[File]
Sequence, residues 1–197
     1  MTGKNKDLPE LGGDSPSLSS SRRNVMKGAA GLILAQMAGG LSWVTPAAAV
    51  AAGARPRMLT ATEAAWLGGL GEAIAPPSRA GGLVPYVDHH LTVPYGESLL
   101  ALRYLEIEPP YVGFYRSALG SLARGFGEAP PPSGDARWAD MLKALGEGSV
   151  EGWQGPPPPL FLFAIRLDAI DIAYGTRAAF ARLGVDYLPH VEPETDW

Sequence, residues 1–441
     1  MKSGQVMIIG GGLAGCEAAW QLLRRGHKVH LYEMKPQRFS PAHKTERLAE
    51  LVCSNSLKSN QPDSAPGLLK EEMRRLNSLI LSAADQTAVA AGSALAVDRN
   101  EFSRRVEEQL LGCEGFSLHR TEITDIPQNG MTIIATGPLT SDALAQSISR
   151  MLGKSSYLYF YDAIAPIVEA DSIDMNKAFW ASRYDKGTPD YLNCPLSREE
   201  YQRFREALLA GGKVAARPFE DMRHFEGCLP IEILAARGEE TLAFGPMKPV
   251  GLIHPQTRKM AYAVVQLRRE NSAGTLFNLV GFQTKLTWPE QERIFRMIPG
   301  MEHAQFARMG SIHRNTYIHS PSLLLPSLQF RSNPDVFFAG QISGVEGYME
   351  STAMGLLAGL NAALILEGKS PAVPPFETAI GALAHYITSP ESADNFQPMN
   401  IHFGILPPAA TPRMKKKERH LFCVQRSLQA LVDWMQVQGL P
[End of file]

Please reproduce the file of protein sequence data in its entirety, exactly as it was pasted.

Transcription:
Sequence, residues 1–197
     1  MTGKNKDLPE LGGDSPSLSS SRRNVMKGAA GLILAQMAGG LSWVTPAAAV
    51  AAGARPRMLT ATEAAWLGGL GEAIAPPSRA GGLVPYVDHH LTVPYGESLL
   101  ALRYLEIEPP YVGFYRSALG SLARGFGEAP PPSGDARWAD MLKALGEGSV
   151  EGWQGPPPPL FLFAIRLDAI DIAYGTRAAF ARLGVDYLPH VEPETDW

Sequence, residues 1–441
     1  MKSGQVMIIG GGLAGCEAAW QLLRRGHKVH LYEMKPQRFS PAHKTERLAE
    51  LVCSNSLKSN QPDSAPGLLK EEMRRLNSLI LSAADQTAVA AGSALAVDRN
   101  EFSRRVEEQL LGCEGFSLHR TEITDIPQNG MTIIATGPLT SDALAQSISR
   151  MLGKSSYLYF YDAIAPIVEA DSIDMNKAFW ASRYDKGTPD YLNCPLSREE
   201  YQRFREALLA GGKVAARPFE DMRHFEGCLP IEILAARGEE TLAFGPMKPV
   251  GLIHPQTRKM AYAVVQLRRE NSAGTLFNLV GFQTKLTWPE QERIFRMIPG
   301  MEHAQFARMG SIHRNTYIHS PSLLLPSLQF RSNPDVFFAG QISGVEGYME
   351  STAMGLLAGL NAALILEGKS PAVPPFETAI GALAHYITSP ESADNFQPMN
   401  IHFGILPPAA TPRMKKKERH LFCVQRSLQA LVDWMQVQGL P